How to follow up on a job application

How to follow up on a job application

I would appreciate some advice on job search follow-up after having submitted an application but before being given an interview. What steps should I take to encourage the hiring company to offer me the opportunity to interview?

Do potential employers expect phone calls or emails to confirm that an application has been received? Do they assume there is a lack of interest if I don’t follow up at that stage in the process?

I have worked for the same company my entire 36 years of full-time employment, and job hunting is new to me. I am only applying for jobs for which I am fully qualified, so I don’t understand why I’m not getting called in for interviews.

Advice from Dana:

Your followup after applying depends on how you applied, so here are your options:

Submitting an application through a job board, company website, etc:

It is very hard to follow up on these since you do not have a contact name. I recommend a two-step process to my clients. One, you need to press “send” on your application using their required tool just to get into their system. However, odds of being called in for an interview are low. Two, you need to network to find an employee who will refer you or someone inside or outside the company to forward your credentials to the hiring manager. And as part of Step 2, you may even forward your own application to a senior manager in that department, advising him or her that you have also applied online.

Submitting to a person, either a network contact who offered to refer you, or to an employee of your target company:

YES, you should follow up within seven working days after the first submittal with another e-mail. Be sure to attach all of your prior correspondence, including your résumé and cover letter, with every follow-up mail. Then you get to do that three more times without being a nuisance.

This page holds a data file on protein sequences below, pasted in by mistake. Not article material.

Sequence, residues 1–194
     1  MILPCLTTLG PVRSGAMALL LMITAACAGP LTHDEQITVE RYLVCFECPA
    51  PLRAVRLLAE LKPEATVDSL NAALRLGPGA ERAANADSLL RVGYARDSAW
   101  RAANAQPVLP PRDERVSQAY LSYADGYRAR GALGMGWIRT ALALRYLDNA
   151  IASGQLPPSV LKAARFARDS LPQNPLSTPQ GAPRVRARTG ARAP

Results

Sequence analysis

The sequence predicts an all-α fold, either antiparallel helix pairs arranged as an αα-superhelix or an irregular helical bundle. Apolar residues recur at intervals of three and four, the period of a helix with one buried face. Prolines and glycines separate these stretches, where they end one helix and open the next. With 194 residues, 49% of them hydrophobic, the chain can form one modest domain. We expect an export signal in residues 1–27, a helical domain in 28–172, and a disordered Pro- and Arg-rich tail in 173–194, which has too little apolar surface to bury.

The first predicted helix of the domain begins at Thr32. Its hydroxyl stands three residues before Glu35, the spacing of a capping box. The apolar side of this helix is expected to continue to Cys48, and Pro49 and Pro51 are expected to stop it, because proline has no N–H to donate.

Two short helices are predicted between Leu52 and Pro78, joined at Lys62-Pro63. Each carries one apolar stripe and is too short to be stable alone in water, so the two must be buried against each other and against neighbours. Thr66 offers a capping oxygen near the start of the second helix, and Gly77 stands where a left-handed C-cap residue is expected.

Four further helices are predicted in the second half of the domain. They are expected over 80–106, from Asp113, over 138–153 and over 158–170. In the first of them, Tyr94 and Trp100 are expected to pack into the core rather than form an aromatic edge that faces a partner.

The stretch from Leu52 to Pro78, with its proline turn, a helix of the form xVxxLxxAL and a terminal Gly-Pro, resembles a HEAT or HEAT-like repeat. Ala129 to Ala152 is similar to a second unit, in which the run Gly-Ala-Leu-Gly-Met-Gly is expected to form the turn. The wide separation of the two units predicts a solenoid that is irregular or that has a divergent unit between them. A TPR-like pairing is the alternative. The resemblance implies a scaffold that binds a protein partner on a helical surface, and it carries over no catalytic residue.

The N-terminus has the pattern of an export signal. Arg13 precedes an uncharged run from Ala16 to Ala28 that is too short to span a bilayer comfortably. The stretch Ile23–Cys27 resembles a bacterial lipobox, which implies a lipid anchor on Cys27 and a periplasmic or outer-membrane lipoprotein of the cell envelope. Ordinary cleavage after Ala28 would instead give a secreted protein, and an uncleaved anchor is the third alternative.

So, after the first follow-up e-mail, wait seven more working days and send a different note. Make the emails interesting and informational, rather than “just following up.”

No, companies do not assume that you are not interested if you don’t follow up.

If job searching is new to you, please get current with all of the latest techniques! And I hope you are not applying with just a résumé!

Question: How to beat the Internet-based application systems

I still myself feel frustrated by the ATS (Applicant Tracking System) job application process. Unless certain words are used, and if the resume matches a precise layout, the resume falls into an abyss. The worst thing is that some of the applications can last hours … and amount to nothing. Any recommendations?

Advice from Dana:

Wow! First, you have every right to feel frustrated! I have felt that way throughout all of my job searches.

Now, a number of solutions come to mind. So allow me to break it into pieces.

Try to use more key words in your resume

How? Find 10 job descriptions for your target job – they can be anywhere geographically, as this is for research only. Circle the key words they use, find those in common, and make a list. Now review your resume. For example, if you use “sales” in your resume yet they use “business development,” change it! Make the same changes in your LinkedIn profile so recruiters, who also use the same key words to search, can find you!

Just applying to jobs, through an ATS or not, is a flawed strategy

Yes, you need to check the box and file your resume through the company’s system. Now the real action starts! Network your way into the company by finding an employee of the company to refer you or someone who can forward your credentials to the hiring manager.

Make a great cover letter page one of your resume

Repeat: your cover letter is NOT a separate attachment, but the first page in the same WORD or PDF document, following the same style and using the same fonts. You can add more key words from the company’s job description to the cover letter here and customize it based on your company research. Do NOT simply regurgitate your resume and, please, cut the use of “I, I, I, me, me, me.”

In summary, re-boot your approach and add many other job search activities at the same time.